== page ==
by Stephen O
While adobe says it will contribute to HTML 5 it will still continue it will continue to support flash. Adobe has pledged it support to continue to support the up and coming HTML5 and Adobe Flash, this announcement was made at their Max 2011 conference. Adobe has been contributing to HTML5 with bodies like the World Wide Web Consortium by adding to the HTML5 webkit. Other Adobe contributions include the Cascade Style Sheet regions which control the flow of the web page and allow for region layouts for WebPages. Another Adobe contribution is the CSS Shader that is based on their Pixel Bender. For the most part they have a great wealth of knowledge and experience they are able to contribute to HTML 5, “”We’ve been able to advance Flash and gather learnings from Flash Player being available on 98 percent of computers, and then take those learnings and bring them back into HTML and into the standards…. And Pixel Bender is a great example of where we’ve already done that –where we had a pioneering technology in Flash, and we leveraged the learnings that we got and used that as the basis for the work that we contributed to the W3C for CSS Shaders…” (Taft 2011) While it is actively working to make HTML5 a success it is also tending shop at home with Flash. With the release of Flash Player 11, and AIR3 they hope that it may encourage a surge in next gen apps for gaming. They are really trying to carve a niche for themselves with the immersive 3d gaming features they are pushing. “Adobe invited developers to experience 3D games with Flash Player. As the game console for the Web, Flash Player 11, along with AIR 3, allows game publishers to instantly deliver console-quality, immersive 3D games with the broadest reach. Stage3D APIs make it possible to deliver sophisticated, high-performance 3D experiences across almost every computer and device connected to the Internet with hardware-accelerated, GPU-powered performance.” (Taft 2011) It would seem Adobe is not quite ready to quit on Flash.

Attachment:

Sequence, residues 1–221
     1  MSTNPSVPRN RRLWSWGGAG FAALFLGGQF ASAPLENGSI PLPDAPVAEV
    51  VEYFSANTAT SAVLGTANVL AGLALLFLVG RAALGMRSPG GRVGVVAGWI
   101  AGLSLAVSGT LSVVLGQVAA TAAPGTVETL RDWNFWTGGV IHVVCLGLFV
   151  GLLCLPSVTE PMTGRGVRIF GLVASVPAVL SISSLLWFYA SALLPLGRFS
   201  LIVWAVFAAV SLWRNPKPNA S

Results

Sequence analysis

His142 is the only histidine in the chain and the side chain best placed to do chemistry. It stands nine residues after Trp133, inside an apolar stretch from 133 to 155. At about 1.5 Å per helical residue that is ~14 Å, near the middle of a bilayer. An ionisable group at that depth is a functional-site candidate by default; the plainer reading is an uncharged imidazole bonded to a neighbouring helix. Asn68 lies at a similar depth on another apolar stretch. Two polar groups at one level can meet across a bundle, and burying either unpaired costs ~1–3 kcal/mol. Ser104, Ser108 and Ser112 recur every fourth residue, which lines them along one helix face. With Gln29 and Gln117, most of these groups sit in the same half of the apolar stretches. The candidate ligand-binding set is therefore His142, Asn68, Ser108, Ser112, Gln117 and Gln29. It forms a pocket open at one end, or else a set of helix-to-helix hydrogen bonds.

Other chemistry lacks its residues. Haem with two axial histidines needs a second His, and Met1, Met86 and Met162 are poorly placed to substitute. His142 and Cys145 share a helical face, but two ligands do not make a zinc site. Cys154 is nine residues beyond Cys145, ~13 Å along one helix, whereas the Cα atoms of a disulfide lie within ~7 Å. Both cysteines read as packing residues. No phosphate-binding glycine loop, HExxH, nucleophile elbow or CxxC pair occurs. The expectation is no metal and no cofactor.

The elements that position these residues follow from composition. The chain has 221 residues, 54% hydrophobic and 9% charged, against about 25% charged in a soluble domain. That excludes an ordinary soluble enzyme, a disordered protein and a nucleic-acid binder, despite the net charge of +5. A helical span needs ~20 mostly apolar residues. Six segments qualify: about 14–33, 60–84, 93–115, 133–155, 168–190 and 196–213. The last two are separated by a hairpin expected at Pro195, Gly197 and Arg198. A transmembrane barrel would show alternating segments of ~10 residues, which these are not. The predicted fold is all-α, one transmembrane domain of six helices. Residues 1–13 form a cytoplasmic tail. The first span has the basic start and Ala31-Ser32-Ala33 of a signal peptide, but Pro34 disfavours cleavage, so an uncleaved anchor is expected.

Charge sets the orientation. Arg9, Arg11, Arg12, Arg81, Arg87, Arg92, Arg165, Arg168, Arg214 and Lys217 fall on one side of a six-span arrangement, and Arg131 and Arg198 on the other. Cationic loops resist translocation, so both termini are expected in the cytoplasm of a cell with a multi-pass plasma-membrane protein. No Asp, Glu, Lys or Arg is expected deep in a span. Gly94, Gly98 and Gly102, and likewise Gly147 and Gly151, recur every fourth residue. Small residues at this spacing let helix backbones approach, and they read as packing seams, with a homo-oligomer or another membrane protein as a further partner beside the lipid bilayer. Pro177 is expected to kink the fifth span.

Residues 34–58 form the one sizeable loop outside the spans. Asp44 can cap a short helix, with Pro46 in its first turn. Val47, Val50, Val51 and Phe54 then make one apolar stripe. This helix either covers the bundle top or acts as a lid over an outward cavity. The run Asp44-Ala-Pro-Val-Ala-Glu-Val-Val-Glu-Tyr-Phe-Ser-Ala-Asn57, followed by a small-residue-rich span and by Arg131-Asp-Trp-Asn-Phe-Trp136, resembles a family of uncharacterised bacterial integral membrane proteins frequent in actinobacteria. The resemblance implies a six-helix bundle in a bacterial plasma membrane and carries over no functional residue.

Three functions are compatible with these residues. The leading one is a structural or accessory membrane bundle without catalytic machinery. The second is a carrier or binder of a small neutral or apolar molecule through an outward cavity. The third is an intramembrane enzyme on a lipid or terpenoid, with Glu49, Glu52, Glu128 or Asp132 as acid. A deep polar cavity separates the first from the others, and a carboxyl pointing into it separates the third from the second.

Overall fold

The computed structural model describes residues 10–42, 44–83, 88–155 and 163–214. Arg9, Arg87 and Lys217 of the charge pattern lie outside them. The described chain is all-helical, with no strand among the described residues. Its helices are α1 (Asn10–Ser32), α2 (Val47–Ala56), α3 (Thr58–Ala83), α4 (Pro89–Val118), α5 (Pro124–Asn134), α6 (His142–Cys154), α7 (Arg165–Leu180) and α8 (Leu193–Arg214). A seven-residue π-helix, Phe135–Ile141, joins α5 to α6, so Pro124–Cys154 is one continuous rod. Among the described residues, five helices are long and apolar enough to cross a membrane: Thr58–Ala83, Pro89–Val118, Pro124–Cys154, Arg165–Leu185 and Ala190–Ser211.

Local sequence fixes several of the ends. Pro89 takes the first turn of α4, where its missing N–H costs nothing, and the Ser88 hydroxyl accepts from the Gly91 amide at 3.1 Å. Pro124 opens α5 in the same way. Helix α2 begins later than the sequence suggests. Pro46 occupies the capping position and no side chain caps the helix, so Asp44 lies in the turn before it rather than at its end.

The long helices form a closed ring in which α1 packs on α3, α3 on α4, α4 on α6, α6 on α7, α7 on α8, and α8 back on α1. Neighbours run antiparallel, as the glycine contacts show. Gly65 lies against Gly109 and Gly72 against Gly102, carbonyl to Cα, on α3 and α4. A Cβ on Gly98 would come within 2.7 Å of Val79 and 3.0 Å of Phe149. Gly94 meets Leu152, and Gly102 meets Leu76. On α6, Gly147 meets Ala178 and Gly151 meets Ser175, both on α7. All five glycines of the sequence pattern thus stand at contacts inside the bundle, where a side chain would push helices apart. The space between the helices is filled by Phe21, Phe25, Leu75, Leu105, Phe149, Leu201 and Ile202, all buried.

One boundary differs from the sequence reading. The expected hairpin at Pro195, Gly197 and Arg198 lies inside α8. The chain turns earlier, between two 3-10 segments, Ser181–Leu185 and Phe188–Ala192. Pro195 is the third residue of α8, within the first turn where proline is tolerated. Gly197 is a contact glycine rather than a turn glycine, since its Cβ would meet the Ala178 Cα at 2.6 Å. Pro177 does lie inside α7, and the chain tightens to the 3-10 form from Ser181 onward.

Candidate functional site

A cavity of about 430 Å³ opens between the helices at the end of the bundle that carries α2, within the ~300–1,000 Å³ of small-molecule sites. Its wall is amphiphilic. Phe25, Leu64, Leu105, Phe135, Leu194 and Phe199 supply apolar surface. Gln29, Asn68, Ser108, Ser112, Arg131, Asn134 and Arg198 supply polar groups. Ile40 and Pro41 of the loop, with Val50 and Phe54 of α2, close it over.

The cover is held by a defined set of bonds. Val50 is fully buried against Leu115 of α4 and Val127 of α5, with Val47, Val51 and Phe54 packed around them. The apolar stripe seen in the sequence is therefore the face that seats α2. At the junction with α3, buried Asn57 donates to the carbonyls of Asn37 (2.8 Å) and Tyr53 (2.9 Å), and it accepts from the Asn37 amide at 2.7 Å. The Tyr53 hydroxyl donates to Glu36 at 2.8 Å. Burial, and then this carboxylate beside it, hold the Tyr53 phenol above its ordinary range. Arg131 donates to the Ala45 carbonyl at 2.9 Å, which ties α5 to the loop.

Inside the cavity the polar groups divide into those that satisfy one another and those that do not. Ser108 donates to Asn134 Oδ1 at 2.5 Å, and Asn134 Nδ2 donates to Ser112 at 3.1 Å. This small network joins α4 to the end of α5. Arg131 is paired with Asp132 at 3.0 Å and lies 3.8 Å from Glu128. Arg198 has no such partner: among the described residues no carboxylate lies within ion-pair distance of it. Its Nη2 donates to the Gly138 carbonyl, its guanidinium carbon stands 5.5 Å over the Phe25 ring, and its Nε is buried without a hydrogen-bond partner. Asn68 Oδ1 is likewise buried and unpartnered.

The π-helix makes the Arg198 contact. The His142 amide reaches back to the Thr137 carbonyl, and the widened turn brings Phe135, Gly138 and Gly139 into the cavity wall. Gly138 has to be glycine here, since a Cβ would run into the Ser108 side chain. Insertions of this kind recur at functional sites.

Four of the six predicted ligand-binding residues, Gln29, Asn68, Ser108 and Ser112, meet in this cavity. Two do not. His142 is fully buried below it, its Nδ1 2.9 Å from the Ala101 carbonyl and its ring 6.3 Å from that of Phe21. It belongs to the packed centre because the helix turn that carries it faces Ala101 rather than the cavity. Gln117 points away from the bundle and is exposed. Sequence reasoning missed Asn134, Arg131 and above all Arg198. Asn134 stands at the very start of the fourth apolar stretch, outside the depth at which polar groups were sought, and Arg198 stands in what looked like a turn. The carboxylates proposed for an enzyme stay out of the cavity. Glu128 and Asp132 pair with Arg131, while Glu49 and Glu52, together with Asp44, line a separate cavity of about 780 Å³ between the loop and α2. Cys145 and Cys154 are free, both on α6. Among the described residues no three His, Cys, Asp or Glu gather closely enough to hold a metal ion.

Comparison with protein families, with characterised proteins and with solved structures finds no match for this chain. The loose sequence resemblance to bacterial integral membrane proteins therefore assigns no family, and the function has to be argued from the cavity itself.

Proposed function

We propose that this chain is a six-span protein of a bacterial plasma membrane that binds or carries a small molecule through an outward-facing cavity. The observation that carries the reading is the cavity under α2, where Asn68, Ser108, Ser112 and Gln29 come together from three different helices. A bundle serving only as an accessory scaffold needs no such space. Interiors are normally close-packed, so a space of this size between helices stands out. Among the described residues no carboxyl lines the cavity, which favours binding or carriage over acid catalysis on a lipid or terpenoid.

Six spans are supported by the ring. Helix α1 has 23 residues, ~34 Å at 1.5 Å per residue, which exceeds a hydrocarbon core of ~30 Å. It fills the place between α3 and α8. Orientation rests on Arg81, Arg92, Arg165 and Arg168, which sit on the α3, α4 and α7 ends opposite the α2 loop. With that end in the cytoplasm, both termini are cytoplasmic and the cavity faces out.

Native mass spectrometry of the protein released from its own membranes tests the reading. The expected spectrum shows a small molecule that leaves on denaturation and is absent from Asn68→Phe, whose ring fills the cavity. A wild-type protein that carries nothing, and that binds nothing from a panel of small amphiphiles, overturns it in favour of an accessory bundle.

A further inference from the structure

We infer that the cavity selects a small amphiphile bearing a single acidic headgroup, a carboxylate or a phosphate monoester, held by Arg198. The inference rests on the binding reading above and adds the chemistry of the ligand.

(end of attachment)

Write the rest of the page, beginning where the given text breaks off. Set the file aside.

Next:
Seemingly Adobe knows that HTML5 will be popular and they want to be a part of its success. They have been at the forefront of the internet for a long time. People know flash, they are familiar with it. Whether it is flash games or movies, there is a sort of recognition when you think flash. This translates well for HTML5 not only are they drawing upon the contributions from Adobe but in some part people may be looking for some of that familiarity when they work with HTML 5.
While they are very actively contributing to HTML5 they have not forgotten their Flash Player, they are still striving to keep it viable and out there in one form another. As it would seem they are pushing it towards app development in the area of immersive games. They may run into a problem as Flash is still not allowed on all mobile devices, but there are enough tablets and other mobile devices that their planned areas of attack maybe prove a smart move. As usual we will have to take a wait and see position as the future is uncertain and hindsight is 20/20.
Taft, Darryl K. 2011. “Adobe Commits to Both Flash and HTML5.” Eweek 28, no. 17: 16-18. Academic Search Premier, EBSCOhost(accessed February 27, 2012).